To continue the MSE Blog Series, I’m going to take you on a journey to dig deep into one of the features of Release 7.4, wIPS!
With the increasing popularity of BYOD, wireless security has become an eminent concern for Network Administrators. Cisco Unified Wireless Intrusion Prevention Solution (WIPS) is dedicated to protecting the wireless network security and provide a secure wireless experience to the clients. Cisco, allied with Flukes Networks, to constantly monitor new wireless intrusion techniques, develop new signatures and provide preventive solutions. In 7.4 release, we added the capability of detecting 802.11 frame fuzzing attacks. The new signatures patterns, for detecting such attacks, are available through WIPS profile configuration in NCS. These signature patterns are enabled by default and provide the full level of security. The user, however, could tune them to get the desired protection level.
802.11 Fuzzing is a malicious security penetration attack which could make substantial damages to the victim devices. In these attacks, the attacker injects unexpected data into the 802.11 frames and causes the victim device driver/operating system to crash through stack-based overflows. These attacks, can basically render a device useless. With the new features in 7.4 release, Cisco customers can heave a sigh of relief and not worry about the fuzzing attacks.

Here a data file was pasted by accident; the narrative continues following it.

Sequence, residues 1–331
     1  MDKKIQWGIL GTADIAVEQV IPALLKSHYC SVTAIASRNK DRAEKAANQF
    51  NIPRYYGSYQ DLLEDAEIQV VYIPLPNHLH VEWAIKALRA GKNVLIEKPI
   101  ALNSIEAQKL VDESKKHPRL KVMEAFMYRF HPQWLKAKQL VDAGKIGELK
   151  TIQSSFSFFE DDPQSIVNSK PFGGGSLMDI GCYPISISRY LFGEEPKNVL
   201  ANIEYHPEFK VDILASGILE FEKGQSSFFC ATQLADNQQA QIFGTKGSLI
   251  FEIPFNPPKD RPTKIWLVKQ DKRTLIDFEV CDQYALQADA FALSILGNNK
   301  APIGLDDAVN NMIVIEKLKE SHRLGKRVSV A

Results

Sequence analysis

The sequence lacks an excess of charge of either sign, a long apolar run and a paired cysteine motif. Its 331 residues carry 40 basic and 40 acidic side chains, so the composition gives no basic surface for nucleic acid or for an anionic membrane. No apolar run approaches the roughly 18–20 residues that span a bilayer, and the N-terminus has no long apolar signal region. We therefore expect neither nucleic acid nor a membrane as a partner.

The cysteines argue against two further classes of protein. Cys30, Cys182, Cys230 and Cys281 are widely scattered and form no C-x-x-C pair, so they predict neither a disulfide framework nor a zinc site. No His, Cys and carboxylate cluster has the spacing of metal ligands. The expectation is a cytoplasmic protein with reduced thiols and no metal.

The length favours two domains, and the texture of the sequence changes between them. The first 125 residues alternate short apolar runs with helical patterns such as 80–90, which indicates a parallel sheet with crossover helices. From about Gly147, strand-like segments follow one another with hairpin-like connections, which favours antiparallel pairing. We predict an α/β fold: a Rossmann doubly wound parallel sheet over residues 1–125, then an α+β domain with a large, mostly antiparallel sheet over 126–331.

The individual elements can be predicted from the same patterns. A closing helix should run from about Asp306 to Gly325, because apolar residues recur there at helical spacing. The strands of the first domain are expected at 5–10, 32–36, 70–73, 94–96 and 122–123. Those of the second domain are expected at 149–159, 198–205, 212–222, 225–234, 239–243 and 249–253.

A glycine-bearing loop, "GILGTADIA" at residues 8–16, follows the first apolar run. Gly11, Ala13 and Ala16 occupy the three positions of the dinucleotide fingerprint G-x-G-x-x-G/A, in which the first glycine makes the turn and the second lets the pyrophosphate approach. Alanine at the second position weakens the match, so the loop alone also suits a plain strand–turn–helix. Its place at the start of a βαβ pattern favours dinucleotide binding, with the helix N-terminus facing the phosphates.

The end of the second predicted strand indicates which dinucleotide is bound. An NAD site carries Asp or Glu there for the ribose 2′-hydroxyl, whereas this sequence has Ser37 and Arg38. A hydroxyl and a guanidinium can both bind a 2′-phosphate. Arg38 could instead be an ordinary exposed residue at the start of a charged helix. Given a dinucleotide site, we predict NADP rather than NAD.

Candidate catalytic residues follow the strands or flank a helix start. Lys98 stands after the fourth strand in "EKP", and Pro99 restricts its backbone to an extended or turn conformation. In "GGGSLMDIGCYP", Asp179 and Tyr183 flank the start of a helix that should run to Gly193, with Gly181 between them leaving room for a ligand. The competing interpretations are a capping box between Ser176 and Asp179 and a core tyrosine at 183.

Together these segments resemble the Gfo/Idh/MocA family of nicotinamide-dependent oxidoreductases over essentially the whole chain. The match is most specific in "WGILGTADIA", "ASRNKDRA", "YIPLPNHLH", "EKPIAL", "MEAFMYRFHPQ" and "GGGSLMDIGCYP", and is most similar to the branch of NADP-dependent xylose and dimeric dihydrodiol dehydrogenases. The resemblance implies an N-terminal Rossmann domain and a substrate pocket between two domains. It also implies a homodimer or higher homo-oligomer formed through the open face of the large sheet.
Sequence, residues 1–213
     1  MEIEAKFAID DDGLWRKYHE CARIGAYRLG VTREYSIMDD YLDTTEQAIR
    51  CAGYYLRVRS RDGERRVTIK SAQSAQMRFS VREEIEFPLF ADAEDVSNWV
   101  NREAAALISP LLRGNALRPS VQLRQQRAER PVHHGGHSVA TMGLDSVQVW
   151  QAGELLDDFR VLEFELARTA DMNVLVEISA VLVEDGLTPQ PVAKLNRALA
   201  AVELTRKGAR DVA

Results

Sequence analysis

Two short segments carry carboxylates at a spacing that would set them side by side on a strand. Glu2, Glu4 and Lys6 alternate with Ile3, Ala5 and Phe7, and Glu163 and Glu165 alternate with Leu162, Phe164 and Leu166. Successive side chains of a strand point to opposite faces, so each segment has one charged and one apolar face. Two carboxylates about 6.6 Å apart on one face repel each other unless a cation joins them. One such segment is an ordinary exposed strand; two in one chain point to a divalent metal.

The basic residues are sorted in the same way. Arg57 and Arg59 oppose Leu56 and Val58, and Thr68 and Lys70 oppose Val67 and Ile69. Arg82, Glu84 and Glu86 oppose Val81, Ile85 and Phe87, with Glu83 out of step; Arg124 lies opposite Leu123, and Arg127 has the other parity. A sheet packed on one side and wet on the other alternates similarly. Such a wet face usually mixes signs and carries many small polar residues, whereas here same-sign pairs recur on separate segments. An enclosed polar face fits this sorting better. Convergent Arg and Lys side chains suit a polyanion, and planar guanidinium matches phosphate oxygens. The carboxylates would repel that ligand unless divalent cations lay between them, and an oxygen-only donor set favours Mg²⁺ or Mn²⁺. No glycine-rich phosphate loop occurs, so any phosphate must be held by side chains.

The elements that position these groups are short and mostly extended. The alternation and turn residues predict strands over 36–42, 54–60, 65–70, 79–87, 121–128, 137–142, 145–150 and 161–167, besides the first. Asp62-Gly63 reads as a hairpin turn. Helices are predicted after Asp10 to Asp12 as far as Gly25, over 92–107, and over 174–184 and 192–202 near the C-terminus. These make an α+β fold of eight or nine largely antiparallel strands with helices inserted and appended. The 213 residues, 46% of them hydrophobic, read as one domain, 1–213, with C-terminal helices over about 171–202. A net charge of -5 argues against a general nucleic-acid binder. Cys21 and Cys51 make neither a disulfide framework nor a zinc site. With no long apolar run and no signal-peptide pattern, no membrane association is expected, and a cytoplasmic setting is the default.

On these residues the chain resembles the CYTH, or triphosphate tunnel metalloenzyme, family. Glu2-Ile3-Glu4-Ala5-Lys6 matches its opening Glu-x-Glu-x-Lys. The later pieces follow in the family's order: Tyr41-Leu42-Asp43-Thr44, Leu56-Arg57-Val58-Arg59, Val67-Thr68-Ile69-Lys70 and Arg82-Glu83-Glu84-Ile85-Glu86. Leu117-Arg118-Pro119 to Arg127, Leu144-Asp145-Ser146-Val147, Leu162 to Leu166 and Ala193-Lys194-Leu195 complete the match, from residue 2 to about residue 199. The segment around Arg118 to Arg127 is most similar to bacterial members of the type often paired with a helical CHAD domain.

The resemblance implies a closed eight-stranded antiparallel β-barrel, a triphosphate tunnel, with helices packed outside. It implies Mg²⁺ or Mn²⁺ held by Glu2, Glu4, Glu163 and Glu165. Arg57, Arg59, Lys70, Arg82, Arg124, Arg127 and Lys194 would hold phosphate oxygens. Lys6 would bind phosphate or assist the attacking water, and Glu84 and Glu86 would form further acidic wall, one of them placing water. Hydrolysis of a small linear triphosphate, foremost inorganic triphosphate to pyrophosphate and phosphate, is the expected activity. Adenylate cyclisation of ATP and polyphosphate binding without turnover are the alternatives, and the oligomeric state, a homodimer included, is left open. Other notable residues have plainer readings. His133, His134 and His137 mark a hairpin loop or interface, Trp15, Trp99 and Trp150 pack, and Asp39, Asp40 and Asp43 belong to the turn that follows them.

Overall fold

We have also improved the features of the Enhanced Local Mode (ELM) in WIPS. ELM offers WIPS capabilities on a local mode AP that could detect about 85% of the signature attacks in comparison with a Monitor Mode AP. Now, in 7.4 release, ELM AP has reached parity with Monitor mode AP and can detect all the signature attacks that a Monitor mode AP can detect.
From the attack mitigation end, we have added new threat mitigation actions. When an attack is detected, user often wants to know what’s happened and what I could do to stop it and protect my network. While viewing the details of an attack, the user can take mitigation action, which is just a click away. Our mitigation methods range from automatically locating the attacks on a map to launching a corrective action by WLAN. MSE can pinpoint the physical locations of most of the wireless attacks. With the location information, the network administrator could remove the offending devices from the premises.
Containment action is made available for a selection of wireless attacks which involve Rogue AP/Rogue client activities. By issuing containment action, the attacker’s WiFi connection will be disrupted. As the result of the action, the attack will not be able to continue.
Also, for certain alarms, user could issue a blacklist action. Blacklist action adds the attacker device to the blocking association list, so that the device could not associate with the managed wireless network.
We put wireless threats on high visibility to give you the highest protection and mitigate detected attacks to enhance your troubleshooting experience. We are committed to improve user experience and would love to hear back from you.
Tags: 11ac, 802.11ac, Cisco, Cisco Unified Access, Converged Access, gigabit, gigabit ethernet, gigabit Wi-Fi, LAN, mobile, mobility, mobility services engine, network, wi-fi, wifi, WIPS, wired, wireless, wlan